Assignment#7: Communications Aspects of the Internet
Communications Aspects of the Internet,                              Jerry Garfunkel  
Report to Administration on
Benefits and Precautions of Internet Communications in the Classroom
 

There are many benefits and some liabilities to Internet Communications in the classroom. By far, the benefits out-weigh the liabilities.  I've addressed these issue separately below in three specific scenarios for using communications in the classroom
a) interactive videoconferencing (in any format, structured/unstructured, formal/informal, professional/amateur equipment)
b) internet telementoring (distance learning) 
c) telecollaborations between two groups of students

Benefits:
> Enables multicultural learning
> enables prejudice reduction,
> Provides potentially exotic experiences with places, with people (telementoring)
> appreciation of multiple perspectives.
> Potentially puts everyone on the planet in touch with everyone else on the plan
> Telecollaboration allows students in classrooms around the world to work on collaborative (and cooperative) projects without regard to physical location.  Naturally issues of time and language differences must be addressed. They are addressed in a separate paper I wrote on this subject.
> Choice of international collaborative projects for the two sets of students to work on is important (ISTE's Journal of Research on Technology in Education (Vol 37, Number 1, Fall 2004)
Frequent written exchanges between the students on both sides of the collaborative portal are essential.  Research shows that carefully planned Critical thinking exercises must be employed to fully benefit from cross cultural education.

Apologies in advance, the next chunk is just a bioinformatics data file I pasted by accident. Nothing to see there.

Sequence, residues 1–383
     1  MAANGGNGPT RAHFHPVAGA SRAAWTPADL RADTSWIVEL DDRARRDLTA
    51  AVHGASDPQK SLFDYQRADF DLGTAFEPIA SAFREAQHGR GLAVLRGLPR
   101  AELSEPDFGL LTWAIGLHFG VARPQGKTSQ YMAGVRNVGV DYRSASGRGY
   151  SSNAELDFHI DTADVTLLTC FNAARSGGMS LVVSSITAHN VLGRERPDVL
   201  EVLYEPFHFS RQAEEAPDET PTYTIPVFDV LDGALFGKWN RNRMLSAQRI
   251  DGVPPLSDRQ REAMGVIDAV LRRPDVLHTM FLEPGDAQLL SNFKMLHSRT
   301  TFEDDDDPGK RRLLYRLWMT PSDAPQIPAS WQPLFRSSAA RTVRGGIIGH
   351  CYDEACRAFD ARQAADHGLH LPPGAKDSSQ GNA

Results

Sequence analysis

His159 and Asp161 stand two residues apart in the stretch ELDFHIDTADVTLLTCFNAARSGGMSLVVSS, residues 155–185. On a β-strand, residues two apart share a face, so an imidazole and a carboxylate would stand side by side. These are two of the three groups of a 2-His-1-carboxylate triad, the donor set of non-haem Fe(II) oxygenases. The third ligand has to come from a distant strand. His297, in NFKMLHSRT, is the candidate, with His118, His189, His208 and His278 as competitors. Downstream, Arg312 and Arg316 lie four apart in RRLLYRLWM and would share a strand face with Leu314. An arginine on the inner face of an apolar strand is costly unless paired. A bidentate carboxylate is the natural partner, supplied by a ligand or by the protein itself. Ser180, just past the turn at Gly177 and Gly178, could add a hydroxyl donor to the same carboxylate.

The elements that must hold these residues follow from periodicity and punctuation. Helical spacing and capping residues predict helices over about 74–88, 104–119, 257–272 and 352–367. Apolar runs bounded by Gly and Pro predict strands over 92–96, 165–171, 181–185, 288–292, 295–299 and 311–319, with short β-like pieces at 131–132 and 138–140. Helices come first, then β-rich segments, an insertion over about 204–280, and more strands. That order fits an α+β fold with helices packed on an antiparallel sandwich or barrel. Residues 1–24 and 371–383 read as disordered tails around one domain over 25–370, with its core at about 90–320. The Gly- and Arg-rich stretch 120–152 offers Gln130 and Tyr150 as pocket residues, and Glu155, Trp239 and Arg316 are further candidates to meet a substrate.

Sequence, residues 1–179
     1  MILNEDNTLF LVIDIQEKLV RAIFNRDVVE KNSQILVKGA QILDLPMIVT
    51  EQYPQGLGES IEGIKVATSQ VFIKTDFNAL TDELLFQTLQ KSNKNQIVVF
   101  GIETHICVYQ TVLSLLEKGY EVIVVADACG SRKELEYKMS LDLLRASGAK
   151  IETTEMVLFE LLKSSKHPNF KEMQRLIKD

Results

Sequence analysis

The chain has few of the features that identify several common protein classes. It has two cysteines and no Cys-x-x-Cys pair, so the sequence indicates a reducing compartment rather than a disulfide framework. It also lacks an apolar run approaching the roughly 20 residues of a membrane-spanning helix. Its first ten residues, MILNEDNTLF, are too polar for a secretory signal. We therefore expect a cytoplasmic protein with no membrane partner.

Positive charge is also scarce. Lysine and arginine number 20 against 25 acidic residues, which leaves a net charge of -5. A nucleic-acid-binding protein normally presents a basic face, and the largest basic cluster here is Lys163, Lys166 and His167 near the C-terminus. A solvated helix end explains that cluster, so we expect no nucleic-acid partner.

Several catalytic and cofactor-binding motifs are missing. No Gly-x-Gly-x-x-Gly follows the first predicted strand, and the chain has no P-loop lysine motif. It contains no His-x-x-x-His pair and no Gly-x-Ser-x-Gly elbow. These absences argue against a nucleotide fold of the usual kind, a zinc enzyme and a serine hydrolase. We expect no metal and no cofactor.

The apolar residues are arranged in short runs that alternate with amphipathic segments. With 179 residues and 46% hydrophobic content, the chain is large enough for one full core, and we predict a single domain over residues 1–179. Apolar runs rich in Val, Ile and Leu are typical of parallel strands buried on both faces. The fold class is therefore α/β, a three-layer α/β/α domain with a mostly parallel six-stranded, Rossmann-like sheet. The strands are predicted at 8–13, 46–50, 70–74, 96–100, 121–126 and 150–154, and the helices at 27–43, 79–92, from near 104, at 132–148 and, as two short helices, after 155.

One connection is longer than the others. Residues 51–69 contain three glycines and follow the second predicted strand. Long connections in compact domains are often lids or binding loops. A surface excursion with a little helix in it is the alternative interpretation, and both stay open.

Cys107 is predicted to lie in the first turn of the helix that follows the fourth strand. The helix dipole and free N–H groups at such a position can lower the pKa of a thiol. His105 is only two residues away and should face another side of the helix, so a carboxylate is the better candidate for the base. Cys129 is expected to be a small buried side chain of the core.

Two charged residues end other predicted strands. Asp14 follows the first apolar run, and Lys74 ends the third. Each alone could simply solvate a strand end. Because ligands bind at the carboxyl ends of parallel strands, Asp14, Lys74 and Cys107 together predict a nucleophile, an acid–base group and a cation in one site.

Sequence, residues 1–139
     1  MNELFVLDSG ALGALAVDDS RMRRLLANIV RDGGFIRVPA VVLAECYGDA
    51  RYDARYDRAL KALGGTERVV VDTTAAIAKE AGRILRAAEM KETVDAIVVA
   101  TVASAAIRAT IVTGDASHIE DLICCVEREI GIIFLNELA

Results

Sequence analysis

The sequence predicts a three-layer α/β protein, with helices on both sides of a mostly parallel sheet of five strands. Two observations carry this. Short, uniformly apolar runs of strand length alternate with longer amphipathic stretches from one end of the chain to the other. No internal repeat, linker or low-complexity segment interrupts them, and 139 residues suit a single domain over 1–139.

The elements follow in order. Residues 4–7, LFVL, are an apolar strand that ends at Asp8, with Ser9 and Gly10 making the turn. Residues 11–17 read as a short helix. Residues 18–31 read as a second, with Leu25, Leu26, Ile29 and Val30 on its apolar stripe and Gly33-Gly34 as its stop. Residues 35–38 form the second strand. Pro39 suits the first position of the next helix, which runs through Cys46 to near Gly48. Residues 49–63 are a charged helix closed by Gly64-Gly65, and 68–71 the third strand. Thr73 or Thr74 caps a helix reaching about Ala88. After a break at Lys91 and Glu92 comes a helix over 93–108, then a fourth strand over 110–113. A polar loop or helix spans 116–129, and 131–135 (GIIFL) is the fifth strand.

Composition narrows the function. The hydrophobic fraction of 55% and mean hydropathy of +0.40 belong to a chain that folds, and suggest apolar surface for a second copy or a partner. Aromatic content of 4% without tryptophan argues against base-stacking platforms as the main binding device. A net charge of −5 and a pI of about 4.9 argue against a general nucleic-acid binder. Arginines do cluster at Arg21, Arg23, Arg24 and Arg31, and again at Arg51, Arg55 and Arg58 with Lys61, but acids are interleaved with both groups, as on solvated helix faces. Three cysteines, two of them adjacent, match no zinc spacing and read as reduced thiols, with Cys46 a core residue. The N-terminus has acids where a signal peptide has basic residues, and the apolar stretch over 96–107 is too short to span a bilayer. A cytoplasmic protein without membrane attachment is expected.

> distant learning
>
real-time collaboration across schools, across continents (Classroom-to-classroom collaborative projects.)


Liabilities:
>  puts physical distance between teacher and learner or between two learners. This is not necessarily a bad thing, especially if the electronics facilitates collaborating that might not otherwise have occurred.
> Potential issues of in-class IM chat and email, etc. This can be easily controlled by such systems as NetOP (a review of the NetOP system) and other Class-pc management systems.  (As we have installed at CWP)
> Privacy, security issues are looming large in many schools  - New private networks, maintained by many states and restricted to academic use have been created.  Ultimately this becomes an issue for the local community to deal with.  One can easily become paranoid about the safety of one's children, but there are methods to protect our children's security while provide them valuable experiences on the itnernet.
> Also Internet2, (http://www.internet2.edu)  a new secured internet protocol, addresses many of today's internet security/privacy issues. Perhaps, LIU should become involved in actively participating in the formation of this new protocol standards that is meant specifically to meet the needs of universities, and K-12 schools.
> Inappropriate web site surfing
> violation of AUP
> personal (misuse)use of computer
> There are substantial differences in a) hardware b) application c) conclusions, between video conferencing in K-12 classroom vs telementoring between Irv and the Montana college classroom.Reading Videoconfeencing  for K-12 Classrooms, Camille Cole, Kecia Ray, Jan Zanetis, ISTE publication: AProgram Development Guide, Copyright 2004. Very Practical Book, from page 1.

Technical issues raised for video conferencing is wether identiclal CODEC's must be used on either side of the portal connection.  Must each side of the conference agree to common CODEC and /or use common O/S and/or O/S Version and/or O/S Version Build, etc.

 

 
Resources
 
Videoconfeencing for K-12 Classrooms, Camille Cole, Kecia Ray, Jan Zanetis, ISTE publication: AProgram Development Guide, Copyright 2004.